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Dynamic Chiropractic – January 12, 1998, Vol. 16, Issue 02
Dynamic Chiropractic
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Dynamic Chiropractic

From Spinal Care Class to Back School and Back

By Paul Hooper, DC, MPH, MS

A couple of years ago, I wrote a column for Dynamic Chiropractic titled "The Back School is Dead" (DC, December 18, 1995). I used the article in part to vent my frustration regarding the lack of participation in this area by chiropractors. I received some rather interesting feedback, but nothing has really happened since that time to alter my mind. If anything, I am more convinced now than ever about the lack of interest in this topic. While the use of back safety programs remains popular in many industrial settings, the back school has not received much in the way of positive press. In fact, in these days of evidenced-based health care, the back school may be on the endangered species list.

It would appear from the literature that preventing future episodes of back pain is extremely difficult. Recently, an article in the New England Journal of Medicine presented evidence to show that even a well-constructed back school was not a very useful tool and did not help in the prevention of back pain (Daltroy, et al.).

A review of the article published in the September, 1997 issue of The Back Letter was titled "Are Ergonomic Programs to Prevent Back Pain and Back Disability a Total Failure?" The authors state that "Fifty years into the back disability epidemic, no single strategy -- ergonomic or otherwise -- has been proven to be effective in the primary prevention of disabling back pain in the workplace." They refer to an editorial by Nortin Hadler in which he states the following:

  • The ergonomic approach to the prevention of back pain is a failure.

  • Back pain in the workplace rarely has a clear occupational cause.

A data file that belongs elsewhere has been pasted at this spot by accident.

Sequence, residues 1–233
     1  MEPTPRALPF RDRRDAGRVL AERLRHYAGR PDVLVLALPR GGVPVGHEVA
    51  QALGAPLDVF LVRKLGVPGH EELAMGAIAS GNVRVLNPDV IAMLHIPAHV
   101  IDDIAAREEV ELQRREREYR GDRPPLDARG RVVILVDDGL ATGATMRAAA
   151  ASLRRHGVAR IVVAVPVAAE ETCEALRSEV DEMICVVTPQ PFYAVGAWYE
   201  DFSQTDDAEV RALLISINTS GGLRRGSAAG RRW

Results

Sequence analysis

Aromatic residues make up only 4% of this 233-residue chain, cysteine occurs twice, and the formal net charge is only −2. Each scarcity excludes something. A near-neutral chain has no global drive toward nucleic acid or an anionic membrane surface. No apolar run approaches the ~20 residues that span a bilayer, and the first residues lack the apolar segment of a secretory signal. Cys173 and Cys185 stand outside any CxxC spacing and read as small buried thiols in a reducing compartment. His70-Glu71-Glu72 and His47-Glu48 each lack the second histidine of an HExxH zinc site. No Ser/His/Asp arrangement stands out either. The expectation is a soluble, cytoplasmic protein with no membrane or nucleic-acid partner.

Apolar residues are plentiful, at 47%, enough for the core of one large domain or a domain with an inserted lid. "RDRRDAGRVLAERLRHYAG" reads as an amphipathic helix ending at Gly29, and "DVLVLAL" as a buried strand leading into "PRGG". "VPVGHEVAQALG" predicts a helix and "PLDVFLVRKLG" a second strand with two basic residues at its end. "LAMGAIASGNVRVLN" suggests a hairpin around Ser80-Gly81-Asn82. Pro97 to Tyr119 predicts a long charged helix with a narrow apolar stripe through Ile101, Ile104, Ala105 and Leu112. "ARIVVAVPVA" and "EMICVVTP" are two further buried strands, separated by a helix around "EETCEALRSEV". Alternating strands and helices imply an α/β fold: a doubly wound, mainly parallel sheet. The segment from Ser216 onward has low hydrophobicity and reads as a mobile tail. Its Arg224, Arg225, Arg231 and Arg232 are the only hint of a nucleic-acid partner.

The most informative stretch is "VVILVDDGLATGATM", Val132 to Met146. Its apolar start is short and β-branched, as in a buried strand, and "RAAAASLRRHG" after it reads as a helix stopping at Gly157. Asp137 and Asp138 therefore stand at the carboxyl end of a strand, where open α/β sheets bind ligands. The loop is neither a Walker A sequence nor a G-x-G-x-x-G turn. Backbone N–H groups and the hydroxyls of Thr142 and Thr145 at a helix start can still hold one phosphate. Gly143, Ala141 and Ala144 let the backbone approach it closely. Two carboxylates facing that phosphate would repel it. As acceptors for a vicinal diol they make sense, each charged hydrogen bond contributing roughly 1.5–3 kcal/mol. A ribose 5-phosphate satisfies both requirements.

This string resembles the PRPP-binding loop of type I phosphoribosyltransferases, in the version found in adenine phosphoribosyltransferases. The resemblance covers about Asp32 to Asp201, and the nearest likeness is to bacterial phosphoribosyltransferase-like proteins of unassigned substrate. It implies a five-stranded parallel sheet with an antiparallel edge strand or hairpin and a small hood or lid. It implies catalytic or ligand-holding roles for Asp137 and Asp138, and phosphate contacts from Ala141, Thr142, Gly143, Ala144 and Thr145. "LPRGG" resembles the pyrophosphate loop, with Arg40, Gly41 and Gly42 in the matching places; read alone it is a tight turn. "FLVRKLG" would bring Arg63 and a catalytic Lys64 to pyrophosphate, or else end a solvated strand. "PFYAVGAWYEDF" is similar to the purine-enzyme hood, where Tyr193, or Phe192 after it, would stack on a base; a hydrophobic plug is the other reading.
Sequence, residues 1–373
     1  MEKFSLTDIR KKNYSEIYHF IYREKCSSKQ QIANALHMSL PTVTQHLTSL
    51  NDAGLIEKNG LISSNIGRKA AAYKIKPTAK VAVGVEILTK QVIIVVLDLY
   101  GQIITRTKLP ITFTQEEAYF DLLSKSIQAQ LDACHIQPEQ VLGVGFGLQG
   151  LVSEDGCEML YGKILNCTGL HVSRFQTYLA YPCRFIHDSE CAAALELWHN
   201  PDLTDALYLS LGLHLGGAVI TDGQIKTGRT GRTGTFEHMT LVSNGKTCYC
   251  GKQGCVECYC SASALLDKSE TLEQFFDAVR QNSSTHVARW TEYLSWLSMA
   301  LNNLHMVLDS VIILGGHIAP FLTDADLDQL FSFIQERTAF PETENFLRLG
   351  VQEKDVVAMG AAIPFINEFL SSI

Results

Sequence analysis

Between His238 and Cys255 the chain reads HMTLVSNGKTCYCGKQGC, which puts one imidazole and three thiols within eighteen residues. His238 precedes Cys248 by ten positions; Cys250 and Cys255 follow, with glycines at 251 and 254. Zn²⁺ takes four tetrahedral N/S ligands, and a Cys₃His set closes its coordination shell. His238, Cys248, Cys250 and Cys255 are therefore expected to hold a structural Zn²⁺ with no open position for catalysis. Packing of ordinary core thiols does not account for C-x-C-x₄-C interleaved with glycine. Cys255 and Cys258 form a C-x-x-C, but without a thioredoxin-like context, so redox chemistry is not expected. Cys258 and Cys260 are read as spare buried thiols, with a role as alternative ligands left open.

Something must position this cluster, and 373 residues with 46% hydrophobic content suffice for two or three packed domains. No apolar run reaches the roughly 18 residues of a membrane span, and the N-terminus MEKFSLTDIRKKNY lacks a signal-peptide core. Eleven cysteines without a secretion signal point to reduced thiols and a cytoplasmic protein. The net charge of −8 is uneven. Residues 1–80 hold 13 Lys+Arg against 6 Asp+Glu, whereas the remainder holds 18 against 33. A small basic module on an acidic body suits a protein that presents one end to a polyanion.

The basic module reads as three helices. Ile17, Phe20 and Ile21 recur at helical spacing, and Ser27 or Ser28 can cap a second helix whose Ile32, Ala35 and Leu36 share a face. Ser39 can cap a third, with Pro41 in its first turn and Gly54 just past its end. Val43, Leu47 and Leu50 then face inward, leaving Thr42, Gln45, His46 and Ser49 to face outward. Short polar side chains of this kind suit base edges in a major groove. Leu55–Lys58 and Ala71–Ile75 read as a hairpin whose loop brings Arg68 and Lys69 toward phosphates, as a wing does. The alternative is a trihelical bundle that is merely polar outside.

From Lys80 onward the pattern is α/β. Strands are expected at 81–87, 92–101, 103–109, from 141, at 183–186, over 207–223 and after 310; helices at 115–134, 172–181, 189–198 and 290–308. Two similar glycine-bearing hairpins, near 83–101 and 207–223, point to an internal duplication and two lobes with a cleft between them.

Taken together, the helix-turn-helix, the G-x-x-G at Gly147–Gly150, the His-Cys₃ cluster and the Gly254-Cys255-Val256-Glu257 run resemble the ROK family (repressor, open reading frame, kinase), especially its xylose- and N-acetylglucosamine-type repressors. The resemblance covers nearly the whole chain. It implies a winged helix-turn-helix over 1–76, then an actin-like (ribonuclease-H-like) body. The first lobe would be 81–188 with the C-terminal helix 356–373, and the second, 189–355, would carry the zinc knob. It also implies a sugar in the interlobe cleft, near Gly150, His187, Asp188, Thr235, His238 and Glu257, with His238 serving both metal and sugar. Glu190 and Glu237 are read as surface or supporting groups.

• While risk factors for back pain have been identified, biomechanical and otherwise, the risk associated with any of these factors appears to be small.

  • The concept of workplace "injury" is outmoded.

  • Other aspects of workplace organization are more likely to explain compensable back pain than ergonomic considerations.

We must face the fact that there is little evidence that anything, including back school, can prevent future episodes of back pain from occurring. Perhaps it is normal to have back pain and we should focus more attention on coping with it rather than preventing it. Hadler states, "To get through the next year without a single episode of back pain is abnormal. Coping successfully should be the goal."

With so much evidence discounting the value of back school, is it time to throw in the towel? Absolutely not! As I indicated in my earlier column on the subject, back school is important not so much for preventing back pain, but for enabling people to cope. People are not as likely to become disabled by something that they understand. When presented with the realities of back pain, i.e. most people survive and live normal functional lives, much of the fear and stress created by the problem of back pain can be reduced. In my opinion, regardless of the fact that there is little evidence to show that back school can prevent future episodes of back pain, it is a vital part of the care of the back pain patient.